Brigalow Mick by Harry "Breaker" Morant

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A dandy old horserman is Brigalow Mick --
   Which his name, sir, is Michael O'Dowd --
Whatever he's riding, when timber is thick,
   He is always in front of the crowd.

A few tangled locks that are fast turning white
   Crown a physog. the colour of brick,
But as keen as a kestrel's -- as bold and as bright --
   Is the blue eye of Brigalow Mick.

He is Martin's head-stockman, on Black-Cattle Creek --
   All the boys there are rare ones to ride --
But Mick is the "daddy"; and far you may seek
   Ere you find such an artist in hide.

He'll turn out a halter, or stockwhip can make,
   As you've seldom cast eyes on before;
And never the "nugget" was calved that could break
   Michael's whips, which he plaits by the score.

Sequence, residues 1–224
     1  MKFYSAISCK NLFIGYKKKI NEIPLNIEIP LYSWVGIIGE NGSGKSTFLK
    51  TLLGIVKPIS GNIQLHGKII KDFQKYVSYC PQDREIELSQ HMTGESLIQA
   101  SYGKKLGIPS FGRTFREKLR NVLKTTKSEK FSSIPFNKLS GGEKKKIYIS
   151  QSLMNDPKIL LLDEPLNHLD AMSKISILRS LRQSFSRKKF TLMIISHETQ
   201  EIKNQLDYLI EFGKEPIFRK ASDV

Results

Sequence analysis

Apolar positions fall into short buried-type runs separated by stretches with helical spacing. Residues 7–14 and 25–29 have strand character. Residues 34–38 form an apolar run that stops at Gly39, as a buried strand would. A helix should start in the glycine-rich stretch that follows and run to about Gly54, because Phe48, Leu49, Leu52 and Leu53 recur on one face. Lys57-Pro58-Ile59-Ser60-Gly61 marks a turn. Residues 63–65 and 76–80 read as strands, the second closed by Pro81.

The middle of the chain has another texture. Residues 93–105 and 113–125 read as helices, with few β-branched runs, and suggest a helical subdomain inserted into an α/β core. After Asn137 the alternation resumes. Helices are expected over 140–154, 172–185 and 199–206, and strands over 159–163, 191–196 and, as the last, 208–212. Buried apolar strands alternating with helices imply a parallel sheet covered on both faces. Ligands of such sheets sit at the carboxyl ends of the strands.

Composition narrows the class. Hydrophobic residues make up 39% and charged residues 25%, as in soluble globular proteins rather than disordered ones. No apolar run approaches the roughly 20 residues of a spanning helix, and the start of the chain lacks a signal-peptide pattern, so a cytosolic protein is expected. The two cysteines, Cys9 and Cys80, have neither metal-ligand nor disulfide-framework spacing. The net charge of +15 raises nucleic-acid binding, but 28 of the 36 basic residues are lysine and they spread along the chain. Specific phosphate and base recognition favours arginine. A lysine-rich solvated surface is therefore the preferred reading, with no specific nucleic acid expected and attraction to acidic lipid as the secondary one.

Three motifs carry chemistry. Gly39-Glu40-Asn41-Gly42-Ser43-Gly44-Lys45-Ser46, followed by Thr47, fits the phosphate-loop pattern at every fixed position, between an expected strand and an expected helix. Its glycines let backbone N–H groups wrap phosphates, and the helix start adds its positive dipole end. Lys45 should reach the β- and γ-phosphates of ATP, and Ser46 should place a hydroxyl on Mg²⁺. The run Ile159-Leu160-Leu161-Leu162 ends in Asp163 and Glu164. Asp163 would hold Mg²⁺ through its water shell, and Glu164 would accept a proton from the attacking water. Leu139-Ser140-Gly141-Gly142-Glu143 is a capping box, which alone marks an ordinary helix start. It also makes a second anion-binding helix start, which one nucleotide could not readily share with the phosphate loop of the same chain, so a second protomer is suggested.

All the lads on the station are handy enough,
   Nor are frightened of grafting too hard,
But Mick, if the cattle are rowdy and rough,
   Is the pick of 'em all in a yard.

A bad colt to tackle -- a mad one to steer
   Through thick timber -- you'll hear Martin boast --
Mick yet is unrivalled, there isn't his peer
   Right from Camooweal in to the coast.

Ay! long may it be ere the scrubs are bereft
   Of the clearskins that give us the sport,
And long may the station have stock-riders left,
   Of the build of old Brigalow's sort.

First published
in The Bulletin, 9 April 1892, and in the same magazine on 23-30 December 1980;
and later in
The Poetry of "Breaker" Morant: from The Bulletin 1891-903 with original illustrations by Breaker Morant; and
The Romance of the Stockman: The Lore, Legend and Literature of Australia's Outback Heroes, 1993.

Author reference sites: Austlit, Australian Dictionary of Biography

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This page contains a single entry by Perry Middlemiss published on April 9, 2012 5:54 PM.

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